Looking at the new body of work Danica Lundy painted for her long overdue NYC solo debut and thinking of all the times we've used the term "introspection" or "self reveal" it is hard not to feel at least a bit silly. Because while other artists might be using metaphors, symbols, and other ways to examine themselves and reveal their secrets, it feels that no other body of work we've seen in a long time gives these terms a more honest, real, and literal meaning.

Three Hole Punch, which opens on March 5th at Magenta Plains in NYC is continuing Lundy's exploration of scenes from adolescent memory, literally dissected into something that can be described as 90s teen films from the science-obsessed, high-tech future. Depicting stereotypical and highly relatable moments that include classroom, parking lot, football field, or party scenes, the Canadian-born and New Haven-based artist is capable of constructing unseen, sci-fi-like angles of these experiences. With a rich repertoire of confident and utterly effective paint manipulation techniques she is taking a jumble of surfaces and textures, interlocks them with different views, angles, and perspectives, into a seemingly unsolved Rubik's-cube of visuals that somehow, in the end, make all the sense. This is how puking at the party with a friend taking care of you, nervously chewing on the pencil in the classroom while getting judgemental looks of your classmates, hiding in your hoodie during sport practice, or undergoing a PCR procedure become an outlet to revive some carefully buried emotions. Melding the figural and the mechanical, or better anatomical and technical, such a unique vision of de-romanticised teen years is punching the viewer with a raw, sometimes gruesome, but undeniably factual reality.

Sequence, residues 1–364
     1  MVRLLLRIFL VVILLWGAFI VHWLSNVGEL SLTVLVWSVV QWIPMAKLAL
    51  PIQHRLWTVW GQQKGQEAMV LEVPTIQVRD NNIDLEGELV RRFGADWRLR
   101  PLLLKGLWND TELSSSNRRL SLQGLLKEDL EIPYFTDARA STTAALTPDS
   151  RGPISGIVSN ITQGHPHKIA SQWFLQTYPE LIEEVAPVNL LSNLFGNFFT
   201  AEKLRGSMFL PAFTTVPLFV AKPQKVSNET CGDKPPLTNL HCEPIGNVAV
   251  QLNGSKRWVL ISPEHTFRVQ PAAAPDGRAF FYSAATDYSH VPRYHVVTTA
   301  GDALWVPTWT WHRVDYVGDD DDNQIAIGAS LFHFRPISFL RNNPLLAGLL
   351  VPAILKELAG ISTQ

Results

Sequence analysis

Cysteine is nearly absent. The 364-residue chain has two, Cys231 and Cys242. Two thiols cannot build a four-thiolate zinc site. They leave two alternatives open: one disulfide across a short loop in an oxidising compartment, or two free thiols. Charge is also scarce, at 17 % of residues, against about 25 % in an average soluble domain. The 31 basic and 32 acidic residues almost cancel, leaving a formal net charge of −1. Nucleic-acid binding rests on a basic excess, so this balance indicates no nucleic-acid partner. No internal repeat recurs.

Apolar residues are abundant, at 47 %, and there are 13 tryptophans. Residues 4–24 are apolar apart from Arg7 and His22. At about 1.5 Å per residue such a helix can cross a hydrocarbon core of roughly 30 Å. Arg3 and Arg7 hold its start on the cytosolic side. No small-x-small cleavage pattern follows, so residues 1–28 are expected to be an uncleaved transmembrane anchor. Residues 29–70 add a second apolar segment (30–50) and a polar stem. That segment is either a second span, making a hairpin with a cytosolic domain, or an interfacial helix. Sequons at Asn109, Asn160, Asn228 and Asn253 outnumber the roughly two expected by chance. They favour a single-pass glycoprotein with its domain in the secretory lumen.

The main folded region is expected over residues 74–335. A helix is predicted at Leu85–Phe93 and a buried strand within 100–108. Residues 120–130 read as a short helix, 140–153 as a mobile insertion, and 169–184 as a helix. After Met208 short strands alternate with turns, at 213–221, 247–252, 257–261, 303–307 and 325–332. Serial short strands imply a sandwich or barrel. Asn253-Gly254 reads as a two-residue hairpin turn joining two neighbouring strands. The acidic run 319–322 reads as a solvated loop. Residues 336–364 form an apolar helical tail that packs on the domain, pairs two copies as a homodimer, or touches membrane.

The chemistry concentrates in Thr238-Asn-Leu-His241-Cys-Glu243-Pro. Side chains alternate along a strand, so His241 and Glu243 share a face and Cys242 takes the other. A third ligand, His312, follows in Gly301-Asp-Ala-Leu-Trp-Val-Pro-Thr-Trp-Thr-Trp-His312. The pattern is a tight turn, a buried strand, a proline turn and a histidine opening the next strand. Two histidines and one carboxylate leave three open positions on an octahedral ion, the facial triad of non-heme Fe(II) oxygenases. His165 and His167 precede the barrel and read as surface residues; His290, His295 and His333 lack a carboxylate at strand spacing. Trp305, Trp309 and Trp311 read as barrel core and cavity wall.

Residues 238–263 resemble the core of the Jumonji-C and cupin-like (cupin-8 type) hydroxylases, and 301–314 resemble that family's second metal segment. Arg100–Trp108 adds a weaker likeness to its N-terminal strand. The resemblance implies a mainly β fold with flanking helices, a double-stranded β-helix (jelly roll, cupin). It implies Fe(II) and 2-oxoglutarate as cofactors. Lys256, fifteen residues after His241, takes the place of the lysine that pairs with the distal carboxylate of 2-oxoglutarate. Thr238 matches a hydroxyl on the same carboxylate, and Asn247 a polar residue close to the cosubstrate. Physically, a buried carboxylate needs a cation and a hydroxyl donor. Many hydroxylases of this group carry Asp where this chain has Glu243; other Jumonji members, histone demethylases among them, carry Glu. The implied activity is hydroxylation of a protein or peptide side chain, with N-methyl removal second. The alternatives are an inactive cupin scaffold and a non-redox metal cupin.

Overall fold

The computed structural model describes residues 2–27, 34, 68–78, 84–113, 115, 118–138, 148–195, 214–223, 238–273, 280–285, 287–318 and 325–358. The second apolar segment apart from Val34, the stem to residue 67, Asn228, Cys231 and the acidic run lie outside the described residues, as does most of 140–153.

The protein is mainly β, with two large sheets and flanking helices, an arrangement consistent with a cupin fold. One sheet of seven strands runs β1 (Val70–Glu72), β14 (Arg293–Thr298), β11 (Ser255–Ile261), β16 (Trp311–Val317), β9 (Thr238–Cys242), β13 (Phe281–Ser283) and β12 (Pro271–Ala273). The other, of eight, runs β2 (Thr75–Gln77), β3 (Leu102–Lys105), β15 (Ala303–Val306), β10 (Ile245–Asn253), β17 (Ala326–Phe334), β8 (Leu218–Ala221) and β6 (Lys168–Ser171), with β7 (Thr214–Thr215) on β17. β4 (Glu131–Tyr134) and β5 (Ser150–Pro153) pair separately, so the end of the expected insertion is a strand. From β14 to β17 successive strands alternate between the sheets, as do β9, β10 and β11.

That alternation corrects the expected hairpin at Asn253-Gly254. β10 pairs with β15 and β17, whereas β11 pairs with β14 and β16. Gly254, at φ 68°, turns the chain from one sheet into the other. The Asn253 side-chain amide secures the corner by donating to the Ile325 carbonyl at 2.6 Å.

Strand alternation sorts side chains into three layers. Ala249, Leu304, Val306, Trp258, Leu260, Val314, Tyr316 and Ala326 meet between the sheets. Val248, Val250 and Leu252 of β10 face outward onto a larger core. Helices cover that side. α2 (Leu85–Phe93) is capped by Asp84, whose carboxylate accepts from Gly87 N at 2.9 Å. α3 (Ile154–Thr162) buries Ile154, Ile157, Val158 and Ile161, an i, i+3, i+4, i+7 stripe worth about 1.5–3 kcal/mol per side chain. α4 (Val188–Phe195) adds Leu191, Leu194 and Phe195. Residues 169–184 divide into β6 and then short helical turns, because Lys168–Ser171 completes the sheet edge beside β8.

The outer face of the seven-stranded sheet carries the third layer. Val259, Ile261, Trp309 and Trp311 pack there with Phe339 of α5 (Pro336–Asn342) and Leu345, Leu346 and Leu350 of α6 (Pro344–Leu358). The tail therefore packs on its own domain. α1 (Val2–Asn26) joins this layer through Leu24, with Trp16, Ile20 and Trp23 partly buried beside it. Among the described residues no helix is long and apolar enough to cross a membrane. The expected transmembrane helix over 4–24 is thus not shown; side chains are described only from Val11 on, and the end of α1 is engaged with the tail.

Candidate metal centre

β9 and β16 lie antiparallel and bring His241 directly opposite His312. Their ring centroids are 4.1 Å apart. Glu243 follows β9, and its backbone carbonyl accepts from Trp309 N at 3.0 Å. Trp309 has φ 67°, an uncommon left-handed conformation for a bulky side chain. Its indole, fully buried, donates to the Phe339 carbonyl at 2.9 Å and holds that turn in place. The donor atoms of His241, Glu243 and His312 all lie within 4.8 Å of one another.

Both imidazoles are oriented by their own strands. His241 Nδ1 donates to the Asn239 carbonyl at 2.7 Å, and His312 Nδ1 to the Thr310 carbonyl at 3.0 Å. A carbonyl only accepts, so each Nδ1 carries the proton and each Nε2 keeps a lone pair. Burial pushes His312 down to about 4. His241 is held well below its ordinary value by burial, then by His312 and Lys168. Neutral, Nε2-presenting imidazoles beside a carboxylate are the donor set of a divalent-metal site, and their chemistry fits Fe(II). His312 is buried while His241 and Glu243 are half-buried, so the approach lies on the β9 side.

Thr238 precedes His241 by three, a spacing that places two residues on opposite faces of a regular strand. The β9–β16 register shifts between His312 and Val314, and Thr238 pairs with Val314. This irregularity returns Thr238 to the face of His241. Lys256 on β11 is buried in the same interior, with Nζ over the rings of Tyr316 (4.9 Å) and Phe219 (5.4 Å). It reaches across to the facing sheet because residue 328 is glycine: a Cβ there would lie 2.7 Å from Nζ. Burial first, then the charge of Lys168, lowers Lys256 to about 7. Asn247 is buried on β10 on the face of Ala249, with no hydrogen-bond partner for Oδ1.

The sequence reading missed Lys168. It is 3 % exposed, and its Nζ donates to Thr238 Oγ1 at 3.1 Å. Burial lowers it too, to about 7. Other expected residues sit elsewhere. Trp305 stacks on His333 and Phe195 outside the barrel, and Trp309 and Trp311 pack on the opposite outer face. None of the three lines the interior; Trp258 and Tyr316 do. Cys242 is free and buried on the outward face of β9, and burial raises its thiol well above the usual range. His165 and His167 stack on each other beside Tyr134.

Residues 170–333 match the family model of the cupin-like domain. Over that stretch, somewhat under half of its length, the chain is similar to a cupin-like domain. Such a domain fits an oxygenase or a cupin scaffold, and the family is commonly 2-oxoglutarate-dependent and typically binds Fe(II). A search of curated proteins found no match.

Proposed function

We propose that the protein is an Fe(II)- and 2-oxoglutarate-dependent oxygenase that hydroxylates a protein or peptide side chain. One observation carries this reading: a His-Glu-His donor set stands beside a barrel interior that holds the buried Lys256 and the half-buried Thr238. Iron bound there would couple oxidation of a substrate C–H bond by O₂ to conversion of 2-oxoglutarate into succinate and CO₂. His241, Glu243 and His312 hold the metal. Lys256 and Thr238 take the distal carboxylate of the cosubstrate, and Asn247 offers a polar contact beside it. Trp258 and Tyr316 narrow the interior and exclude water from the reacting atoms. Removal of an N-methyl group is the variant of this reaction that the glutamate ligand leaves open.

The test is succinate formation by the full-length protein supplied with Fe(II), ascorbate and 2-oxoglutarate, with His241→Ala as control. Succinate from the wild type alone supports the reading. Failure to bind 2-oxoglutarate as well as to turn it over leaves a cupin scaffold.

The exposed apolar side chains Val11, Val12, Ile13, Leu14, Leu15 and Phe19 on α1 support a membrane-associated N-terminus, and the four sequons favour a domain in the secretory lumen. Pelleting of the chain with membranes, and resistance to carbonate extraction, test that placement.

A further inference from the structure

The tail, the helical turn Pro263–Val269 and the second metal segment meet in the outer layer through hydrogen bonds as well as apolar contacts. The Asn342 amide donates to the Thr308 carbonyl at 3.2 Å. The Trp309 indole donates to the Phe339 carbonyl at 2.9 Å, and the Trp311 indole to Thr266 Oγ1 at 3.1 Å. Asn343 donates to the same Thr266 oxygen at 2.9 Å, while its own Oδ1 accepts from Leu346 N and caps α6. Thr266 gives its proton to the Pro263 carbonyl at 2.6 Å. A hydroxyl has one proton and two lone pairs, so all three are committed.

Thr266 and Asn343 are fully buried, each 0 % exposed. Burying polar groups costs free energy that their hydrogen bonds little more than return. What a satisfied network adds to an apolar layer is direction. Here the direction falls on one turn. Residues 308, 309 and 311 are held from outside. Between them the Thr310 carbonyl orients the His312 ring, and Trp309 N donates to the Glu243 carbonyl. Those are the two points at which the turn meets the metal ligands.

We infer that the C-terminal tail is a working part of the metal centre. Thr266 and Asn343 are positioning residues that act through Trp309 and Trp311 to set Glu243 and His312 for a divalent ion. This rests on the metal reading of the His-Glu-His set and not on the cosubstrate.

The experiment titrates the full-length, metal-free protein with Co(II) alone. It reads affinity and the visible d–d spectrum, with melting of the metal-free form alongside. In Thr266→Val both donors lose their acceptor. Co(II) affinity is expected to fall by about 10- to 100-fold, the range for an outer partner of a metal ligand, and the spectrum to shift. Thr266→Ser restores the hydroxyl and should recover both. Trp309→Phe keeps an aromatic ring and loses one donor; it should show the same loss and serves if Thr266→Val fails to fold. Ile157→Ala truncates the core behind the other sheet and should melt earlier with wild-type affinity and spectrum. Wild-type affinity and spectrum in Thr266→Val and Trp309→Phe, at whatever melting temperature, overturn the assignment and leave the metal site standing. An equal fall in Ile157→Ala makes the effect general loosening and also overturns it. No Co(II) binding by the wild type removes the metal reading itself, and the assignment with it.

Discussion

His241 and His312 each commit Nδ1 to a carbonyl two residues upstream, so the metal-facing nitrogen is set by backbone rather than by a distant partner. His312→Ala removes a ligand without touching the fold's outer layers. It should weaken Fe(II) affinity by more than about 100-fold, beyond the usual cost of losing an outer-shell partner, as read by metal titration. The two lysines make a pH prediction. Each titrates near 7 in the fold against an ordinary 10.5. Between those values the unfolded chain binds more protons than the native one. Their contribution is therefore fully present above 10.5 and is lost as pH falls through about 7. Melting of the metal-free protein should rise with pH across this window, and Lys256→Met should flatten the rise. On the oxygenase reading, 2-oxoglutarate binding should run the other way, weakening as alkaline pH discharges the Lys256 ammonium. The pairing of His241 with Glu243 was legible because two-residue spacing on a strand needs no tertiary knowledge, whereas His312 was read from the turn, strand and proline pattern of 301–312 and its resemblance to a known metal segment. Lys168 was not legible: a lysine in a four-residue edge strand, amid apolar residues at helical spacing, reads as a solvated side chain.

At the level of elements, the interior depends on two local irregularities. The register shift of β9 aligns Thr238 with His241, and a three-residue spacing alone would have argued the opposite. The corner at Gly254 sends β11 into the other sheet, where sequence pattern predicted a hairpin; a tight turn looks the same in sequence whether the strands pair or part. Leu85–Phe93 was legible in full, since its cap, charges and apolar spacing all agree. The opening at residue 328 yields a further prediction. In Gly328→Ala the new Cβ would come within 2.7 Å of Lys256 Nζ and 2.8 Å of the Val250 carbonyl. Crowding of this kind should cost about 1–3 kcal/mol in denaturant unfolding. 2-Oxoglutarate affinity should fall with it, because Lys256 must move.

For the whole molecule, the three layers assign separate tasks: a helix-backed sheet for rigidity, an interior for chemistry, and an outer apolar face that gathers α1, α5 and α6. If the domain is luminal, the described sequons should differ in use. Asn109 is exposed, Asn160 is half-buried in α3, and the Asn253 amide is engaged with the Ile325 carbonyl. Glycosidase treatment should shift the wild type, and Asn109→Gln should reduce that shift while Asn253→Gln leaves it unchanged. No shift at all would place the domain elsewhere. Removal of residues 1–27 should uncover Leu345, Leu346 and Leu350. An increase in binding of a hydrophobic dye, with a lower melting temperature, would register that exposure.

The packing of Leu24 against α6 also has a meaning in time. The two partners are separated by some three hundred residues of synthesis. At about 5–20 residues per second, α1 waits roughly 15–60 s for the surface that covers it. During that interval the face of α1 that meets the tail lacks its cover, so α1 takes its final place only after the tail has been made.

"I want to make a painting that acts on the viewer like a slow-release pill," Lundy mentioned in the interview we did for our Winter 2020 issue, and we've never imagined we would get the front seat alongside the pill. While offering an exciting of different views at the location in her previous works, the new paintings seem to be revolving around the human body as the epicenter of what's happening. Engineering the impossible views through bones and insides into a cinematic or theatrical setting, she "makes an explicit connection between emotional uncertainty and bodily discomfort." Binding together a documentation of feelings, depictions of factual and fantasised realities, as well as unpopular factualities, Lundy's paintings are transformed into a three hole punch that organizes and archives confusing memories which form and determine our adult selves. And after receiving these preview images, we've moved closer to the edge of our seats, have our popcorn and drinks installed, and are beyond ready for the rest of the action! - Sasha Bogojev

All images courtesy of the Artist and Super Dakota, Brussels. Photography by Shark Senesac.